Do your research on cities and areas with low ecological footprints. You might be surprised to find that even some of the busiest cities in the country have a lower gas and energy consumption than other areas.
Another good rule of thumb is to look at green real estate websites.
Sites like ListedGreen are dedicated to showcasing sustainable homes for sale all across the country. This way, you don’t have to sift through hundreds of traditional real estate listings just to find an environmentally friendly place.
Understand Your Upgrades
A home doesn’t necessarily have to be completely eco-friendly when you make an offer. If you’re willing to put in some of your own work, you can find your dream house at a reasonable price, and then make your own sustainable upgrades afterward.
Some of those upgrades will be simple and inexpensive, like blocking any gaps, using draught-proofing strips on the windows, and switching out the lighting for LED bulbs (they’re 90% more efficient.)
Some upgrades might be a bigger undertaking. You should consider that in the price of the home and what you’re willing to offer. If you’re going to have to put thousands of dollars into sustainable upgrades, you don’t want to blow your budget on the mortgage.
Things like solar panels, new windows, or energy-efficient appliances can cost quite a bit, but they’re still a worthwhile investment. And besides, you’ll end up saving money in the long run.
Even installing new insulation or having a new roof put on can help you reach your sustainability goals sooner.
Also, if you do decide to get rid of the home’s existing appliances for newer models, consider appliance recycling to dispose of them safely so they don’t end up in a landfill.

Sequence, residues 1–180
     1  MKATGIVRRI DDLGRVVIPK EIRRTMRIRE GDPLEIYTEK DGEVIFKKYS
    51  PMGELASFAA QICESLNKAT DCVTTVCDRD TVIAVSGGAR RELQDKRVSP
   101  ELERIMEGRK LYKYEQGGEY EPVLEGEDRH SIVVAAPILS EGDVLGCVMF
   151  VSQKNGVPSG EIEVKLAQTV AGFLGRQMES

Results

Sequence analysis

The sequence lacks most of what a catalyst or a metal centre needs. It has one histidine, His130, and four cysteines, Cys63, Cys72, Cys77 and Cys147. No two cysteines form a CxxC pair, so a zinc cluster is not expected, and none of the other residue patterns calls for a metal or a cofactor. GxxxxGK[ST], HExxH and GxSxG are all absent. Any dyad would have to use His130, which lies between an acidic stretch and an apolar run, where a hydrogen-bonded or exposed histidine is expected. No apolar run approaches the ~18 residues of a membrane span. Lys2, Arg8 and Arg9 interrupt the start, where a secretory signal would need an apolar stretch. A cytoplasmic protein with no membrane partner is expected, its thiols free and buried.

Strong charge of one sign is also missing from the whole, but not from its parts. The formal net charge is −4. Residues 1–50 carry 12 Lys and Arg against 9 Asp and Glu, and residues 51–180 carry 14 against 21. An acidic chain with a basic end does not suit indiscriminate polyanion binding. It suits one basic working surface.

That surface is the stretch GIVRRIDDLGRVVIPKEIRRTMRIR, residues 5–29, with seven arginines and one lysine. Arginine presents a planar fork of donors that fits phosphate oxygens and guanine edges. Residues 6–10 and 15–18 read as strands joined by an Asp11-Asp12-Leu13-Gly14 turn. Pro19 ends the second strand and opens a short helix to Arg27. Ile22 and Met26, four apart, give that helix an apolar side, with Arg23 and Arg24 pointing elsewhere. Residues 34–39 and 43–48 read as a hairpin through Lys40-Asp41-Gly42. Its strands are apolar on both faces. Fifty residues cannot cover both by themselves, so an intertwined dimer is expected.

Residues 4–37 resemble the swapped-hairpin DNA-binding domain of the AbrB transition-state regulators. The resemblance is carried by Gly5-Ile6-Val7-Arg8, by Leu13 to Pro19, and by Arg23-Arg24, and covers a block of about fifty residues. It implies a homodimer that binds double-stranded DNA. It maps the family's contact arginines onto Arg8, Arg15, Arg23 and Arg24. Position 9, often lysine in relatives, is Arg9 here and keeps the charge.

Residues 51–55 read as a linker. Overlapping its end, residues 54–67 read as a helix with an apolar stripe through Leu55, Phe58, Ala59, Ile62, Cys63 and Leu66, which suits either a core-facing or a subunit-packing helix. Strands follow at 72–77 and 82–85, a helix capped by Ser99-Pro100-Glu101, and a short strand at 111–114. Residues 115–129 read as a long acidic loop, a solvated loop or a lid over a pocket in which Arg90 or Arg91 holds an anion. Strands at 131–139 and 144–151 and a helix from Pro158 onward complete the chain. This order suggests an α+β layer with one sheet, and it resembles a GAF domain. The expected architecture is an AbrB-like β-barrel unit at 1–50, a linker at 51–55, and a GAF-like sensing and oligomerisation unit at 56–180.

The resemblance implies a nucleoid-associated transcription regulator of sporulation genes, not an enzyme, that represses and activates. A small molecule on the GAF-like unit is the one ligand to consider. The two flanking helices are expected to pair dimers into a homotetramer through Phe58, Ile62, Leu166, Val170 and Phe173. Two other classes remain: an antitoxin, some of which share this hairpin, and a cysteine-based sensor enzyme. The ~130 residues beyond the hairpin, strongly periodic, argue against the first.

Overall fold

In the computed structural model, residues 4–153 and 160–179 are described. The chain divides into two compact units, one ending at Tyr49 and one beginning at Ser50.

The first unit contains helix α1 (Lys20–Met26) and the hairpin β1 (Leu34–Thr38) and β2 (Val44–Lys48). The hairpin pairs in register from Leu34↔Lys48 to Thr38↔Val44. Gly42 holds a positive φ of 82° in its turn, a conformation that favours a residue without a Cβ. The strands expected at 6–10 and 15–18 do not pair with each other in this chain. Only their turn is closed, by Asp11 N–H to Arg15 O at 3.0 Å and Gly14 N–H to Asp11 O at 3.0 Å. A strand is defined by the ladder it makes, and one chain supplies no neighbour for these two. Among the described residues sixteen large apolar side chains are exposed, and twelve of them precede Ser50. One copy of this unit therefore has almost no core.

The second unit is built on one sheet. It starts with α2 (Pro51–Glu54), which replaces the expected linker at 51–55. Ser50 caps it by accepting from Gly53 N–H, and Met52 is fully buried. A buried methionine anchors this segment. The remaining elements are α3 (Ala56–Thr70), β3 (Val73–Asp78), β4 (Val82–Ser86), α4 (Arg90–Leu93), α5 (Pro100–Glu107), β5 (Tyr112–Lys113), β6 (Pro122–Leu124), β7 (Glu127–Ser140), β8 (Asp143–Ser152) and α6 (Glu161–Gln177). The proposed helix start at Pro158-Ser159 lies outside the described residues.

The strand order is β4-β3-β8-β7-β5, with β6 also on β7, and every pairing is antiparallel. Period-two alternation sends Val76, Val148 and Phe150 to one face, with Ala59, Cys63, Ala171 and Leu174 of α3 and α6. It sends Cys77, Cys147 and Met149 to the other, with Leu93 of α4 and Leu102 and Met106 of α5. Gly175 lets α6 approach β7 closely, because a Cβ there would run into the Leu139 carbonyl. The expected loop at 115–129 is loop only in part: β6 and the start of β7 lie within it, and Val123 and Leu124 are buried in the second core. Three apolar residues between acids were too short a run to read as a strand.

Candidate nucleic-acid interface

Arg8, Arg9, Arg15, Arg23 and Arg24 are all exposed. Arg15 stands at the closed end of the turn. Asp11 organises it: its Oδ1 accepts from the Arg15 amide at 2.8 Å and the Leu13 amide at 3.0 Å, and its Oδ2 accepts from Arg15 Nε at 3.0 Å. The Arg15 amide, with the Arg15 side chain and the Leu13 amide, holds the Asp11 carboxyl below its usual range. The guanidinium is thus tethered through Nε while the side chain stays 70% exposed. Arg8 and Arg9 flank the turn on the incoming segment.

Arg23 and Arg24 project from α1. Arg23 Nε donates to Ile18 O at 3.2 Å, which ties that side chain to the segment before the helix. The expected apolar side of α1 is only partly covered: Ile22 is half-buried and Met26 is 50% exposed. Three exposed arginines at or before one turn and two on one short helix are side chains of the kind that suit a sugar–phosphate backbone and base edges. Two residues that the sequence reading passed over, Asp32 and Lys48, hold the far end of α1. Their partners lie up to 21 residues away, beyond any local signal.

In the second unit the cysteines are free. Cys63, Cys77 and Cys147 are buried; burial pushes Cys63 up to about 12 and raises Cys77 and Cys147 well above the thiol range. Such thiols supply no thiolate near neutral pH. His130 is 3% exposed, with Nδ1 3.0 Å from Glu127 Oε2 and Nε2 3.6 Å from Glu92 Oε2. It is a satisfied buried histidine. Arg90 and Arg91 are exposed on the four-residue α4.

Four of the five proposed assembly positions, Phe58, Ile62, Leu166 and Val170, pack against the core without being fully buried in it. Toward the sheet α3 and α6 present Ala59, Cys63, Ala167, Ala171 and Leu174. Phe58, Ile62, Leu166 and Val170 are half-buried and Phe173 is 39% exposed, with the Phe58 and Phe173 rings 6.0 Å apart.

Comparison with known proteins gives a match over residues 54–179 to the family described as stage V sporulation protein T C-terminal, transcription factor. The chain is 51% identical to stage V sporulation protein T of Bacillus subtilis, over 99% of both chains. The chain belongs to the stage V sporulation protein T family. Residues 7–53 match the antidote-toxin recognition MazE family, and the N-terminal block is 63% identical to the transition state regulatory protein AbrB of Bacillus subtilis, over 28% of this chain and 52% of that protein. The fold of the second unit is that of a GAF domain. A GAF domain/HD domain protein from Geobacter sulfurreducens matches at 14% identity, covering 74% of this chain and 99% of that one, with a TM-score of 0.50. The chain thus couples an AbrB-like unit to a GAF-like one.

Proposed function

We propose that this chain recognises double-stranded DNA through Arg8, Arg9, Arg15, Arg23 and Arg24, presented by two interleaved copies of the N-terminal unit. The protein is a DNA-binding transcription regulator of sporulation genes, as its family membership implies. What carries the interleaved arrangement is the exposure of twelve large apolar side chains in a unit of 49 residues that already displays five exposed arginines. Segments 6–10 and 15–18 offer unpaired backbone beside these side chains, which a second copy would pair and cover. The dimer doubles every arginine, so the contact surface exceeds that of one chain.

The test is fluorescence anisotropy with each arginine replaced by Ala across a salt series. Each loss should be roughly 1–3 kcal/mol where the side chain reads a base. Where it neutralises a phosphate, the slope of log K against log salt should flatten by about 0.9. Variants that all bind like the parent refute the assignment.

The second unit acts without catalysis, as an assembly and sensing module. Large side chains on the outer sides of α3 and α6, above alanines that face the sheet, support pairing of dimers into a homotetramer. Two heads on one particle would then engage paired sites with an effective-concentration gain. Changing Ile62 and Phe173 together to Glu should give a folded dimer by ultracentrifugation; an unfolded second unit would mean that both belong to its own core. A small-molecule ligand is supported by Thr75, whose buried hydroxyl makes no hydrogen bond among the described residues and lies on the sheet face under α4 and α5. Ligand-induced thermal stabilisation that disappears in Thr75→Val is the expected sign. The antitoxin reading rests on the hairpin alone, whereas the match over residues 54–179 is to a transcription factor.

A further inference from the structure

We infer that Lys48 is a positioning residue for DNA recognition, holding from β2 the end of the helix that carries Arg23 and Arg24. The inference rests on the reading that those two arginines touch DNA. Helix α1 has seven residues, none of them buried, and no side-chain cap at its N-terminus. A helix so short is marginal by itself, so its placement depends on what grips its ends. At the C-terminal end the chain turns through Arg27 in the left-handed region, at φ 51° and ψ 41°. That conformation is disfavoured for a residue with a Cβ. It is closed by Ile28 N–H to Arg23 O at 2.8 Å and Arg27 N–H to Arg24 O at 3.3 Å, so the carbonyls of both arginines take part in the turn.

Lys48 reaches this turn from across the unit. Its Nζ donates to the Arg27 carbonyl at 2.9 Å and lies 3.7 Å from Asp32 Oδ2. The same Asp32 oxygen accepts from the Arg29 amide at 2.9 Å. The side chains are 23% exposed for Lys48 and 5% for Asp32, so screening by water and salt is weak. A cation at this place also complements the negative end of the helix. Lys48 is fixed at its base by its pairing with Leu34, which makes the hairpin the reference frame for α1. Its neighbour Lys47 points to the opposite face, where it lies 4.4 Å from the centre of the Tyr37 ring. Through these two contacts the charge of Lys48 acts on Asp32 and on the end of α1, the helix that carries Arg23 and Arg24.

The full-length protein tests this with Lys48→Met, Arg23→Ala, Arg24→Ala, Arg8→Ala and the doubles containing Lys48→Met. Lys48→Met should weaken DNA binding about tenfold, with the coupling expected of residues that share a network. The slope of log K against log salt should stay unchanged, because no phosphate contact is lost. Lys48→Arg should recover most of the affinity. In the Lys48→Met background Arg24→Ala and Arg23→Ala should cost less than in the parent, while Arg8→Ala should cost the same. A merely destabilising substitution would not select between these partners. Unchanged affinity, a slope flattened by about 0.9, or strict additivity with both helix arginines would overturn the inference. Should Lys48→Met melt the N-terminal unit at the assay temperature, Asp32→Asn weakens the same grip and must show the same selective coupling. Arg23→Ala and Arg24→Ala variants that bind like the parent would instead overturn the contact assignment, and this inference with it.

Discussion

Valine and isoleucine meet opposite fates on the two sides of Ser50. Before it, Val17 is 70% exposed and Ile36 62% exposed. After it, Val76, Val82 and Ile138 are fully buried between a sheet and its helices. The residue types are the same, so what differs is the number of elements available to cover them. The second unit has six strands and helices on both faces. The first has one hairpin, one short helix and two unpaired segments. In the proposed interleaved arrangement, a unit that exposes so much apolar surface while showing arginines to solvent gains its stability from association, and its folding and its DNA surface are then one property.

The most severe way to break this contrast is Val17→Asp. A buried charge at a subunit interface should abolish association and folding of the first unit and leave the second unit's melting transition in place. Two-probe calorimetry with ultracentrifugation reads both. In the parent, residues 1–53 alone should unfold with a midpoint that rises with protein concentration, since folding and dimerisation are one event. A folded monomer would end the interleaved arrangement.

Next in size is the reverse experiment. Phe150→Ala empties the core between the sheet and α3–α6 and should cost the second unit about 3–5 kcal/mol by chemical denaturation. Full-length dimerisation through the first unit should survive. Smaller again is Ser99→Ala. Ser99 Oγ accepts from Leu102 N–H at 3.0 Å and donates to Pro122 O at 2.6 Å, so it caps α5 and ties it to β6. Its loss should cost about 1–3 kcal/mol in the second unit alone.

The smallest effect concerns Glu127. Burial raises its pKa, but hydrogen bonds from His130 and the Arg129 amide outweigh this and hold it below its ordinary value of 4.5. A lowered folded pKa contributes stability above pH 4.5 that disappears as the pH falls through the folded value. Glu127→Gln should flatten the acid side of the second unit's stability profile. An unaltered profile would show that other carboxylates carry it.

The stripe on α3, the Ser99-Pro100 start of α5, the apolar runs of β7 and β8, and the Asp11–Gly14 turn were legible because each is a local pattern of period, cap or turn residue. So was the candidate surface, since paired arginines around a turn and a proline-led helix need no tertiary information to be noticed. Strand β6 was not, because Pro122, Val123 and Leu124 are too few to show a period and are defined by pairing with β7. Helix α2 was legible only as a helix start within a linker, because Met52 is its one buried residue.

If you’re not sure where to get started, consider making a checklist of your green priorities. It might include items like:
The possibilities are endless when it comes to the sustainability upgrades you can make, all the way down to choosing natural, non-toxic cleaning supplies.
Whether you’re just starting your house hunting journey or you’ve been looking for a while, it’s important to narrow your search to properties that line up with your sustainability goals.
Keep the ideas in this article in mind on your house hunting journey. Understanding what a green home looks like to you is the first step. Don’t be afraid to set standards and make lists of features that are important to you.
But, even if you can’t find your perfect home from a listing, let your creativity and sustainability motivation be your guide as you add to an existing home to meet your needs.
Jori incorporates environmentalism into her everyday life by cycling everywhere she goes and by growing vegetables and herbs in her garden somewhere in the Pacific Northwest. An experienced writer, she writes about a wide range of topics but takes a particular interest in covering those that are related to sustainability and economics. When she isn’t writing you can find her baking a tasty treat or hiking with her dog, Cash.